When they finally get back to the investigation, they locate Fidget and follow him to Ratigan's secret lair. They then discover that the entire thing was a setup, and Ratigan was fully expecting Basil to appear. The great mouse detective is stunned and shamed, finally admitting that he has been outsmarted before sinking into a deep depression.

Ratigan takes huge delight in setting up an elaborate apparatus to kill Basil and Dawson. In true "evil villain" form, he explains how the whole thing works before leaving the prisoners alone to their fate.

Finally Ratigan's ultimate plot is revealed. He has had Olivia's father create a mechanical version of the mouse queen! Ratigan has the real queen captured and gagged, while the fake queen addresses the crowds and hands supreme power over to Ratigan. The crowd is stunned.

Just as things are looking impossible for the captives, Basil snaps out of his doldrums and uses his vast intellect to escape the trap in the nick of time, even posing for a photograph afterwards.

They quickly race to save the day, reprogramming the robot queen and exposing Ratigan as a criminal and fraud. Ratigan manages to escape, but Basil is in hot pursuit. The chase ends with a dramatic climax within the gears of Big Ben, one of the first major computer-animated sequences in a motion picture.

Ratigan is finally defeated, Olivia is reunited with her father, and Basil decides to employ Dawson as his associate detective. Suddenly a young mouse lady appears at the door, distraught and in need of assistance. With Basil and Dawson on the case, she is clearly in good paws!

IRVYNE:  The Great Mouse Detective is well-told and entertaining throughout. It makes for a much more coherent and consistent movie than The Black Cauldron, though it is definitely more "safe" and conventional. The characters are all enjoyable to watch, but it's Professor Ratigan that steals the show. He is such a gleeful villain, drunk with his own genius and just loving being bad.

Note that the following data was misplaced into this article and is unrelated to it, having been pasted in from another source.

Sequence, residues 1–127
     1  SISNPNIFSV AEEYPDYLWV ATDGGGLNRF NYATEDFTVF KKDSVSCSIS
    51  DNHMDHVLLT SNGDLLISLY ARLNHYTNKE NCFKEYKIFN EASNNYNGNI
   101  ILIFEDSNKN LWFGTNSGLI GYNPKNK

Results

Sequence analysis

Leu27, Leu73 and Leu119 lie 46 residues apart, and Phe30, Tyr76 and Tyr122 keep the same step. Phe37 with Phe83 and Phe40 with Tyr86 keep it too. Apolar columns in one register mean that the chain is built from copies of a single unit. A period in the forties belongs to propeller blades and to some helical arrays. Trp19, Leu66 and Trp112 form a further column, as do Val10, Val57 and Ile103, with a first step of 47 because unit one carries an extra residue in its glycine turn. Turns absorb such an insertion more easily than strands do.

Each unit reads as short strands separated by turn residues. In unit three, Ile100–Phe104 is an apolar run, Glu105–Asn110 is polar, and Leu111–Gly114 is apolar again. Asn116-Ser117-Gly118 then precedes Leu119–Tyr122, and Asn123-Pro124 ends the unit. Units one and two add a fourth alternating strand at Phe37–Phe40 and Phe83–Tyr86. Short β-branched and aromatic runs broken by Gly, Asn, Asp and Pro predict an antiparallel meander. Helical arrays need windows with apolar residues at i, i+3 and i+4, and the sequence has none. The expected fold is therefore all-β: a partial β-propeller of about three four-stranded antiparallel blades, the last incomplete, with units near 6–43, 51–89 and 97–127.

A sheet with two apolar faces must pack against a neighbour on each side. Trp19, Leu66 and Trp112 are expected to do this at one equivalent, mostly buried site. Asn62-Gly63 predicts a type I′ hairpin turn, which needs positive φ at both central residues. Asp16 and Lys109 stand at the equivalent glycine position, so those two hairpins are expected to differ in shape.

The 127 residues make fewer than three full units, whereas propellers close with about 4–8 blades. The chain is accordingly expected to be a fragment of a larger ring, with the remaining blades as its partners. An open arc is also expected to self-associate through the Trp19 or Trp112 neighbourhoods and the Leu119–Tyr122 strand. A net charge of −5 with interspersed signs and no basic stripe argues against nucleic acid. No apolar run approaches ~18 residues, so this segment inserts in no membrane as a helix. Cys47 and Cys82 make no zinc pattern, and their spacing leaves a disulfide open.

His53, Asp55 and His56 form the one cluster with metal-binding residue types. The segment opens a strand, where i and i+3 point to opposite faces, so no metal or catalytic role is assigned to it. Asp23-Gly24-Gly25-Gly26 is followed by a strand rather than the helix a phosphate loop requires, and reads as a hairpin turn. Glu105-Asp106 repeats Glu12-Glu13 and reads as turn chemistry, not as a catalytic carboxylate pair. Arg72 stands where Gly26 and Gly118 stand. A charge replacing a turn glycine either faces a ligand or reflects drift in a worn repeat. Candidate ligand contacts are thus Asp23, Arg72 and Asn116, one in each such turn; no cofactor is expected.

There are a few pacing issues and sometimes I feel that certain scenes linger longer than necessary. A good example of this is the tavern scene, which has an entire song-and-dance number. When I first saw this film I was intrigued by the pub singer, Miss Kitty Mouse. As a character given her own song, I was sure that she was about to become a very important character in the story. But no, she just sings her song and then disappears for the rest of the movie.
The story - which is essentially a kid-friendly version of a Sherlock Holmes mystery - has the main characters figuring out the clues one by one and taking the viewers on a ride with them, until it culminates in the spectacular showdown in Big Ben.
The Great Mouse Detective is a very dark movie, and I don't mean thematically. I mean it takes place entirely at night time.
The character animation is on-the-whole excellent. The new generation of animators were really starting to come into their own, especially a young Glen Keane, who was given the task of drawing and directing the animation on Professor Ratigan.
There's nothing particularly outstanding about the visual style, but the C.G.i. used in the Big Ben sequence is really great, and you'd never believe that they were pioneering the technology with this film. It still looks flawless, and the real winner is how well the hand-drawn characters fit and interact with the computer animated environments.
This was accomplished by making black and white printouts of every C.G.i. frame so that the animators could literally draw their characters right over the top of them. This sequence alone was worth the price of admission back in 1986, because no one had ever seen an animated sequence like this in a Disney film before!
There are a grand total of three songs in The Great Mouse Detective. Ratigan's "Aren't-I-Wonderful" song is called "The World's Greatest Criminal Mind." It's a fun song, and it looks like the animators had fun creating a big musical number.
The song at the tavern is called "Let Me Be Good To You," and while it's fine, it doesn't serve the plot at all. It's sung by a character who has nothing to do with the story.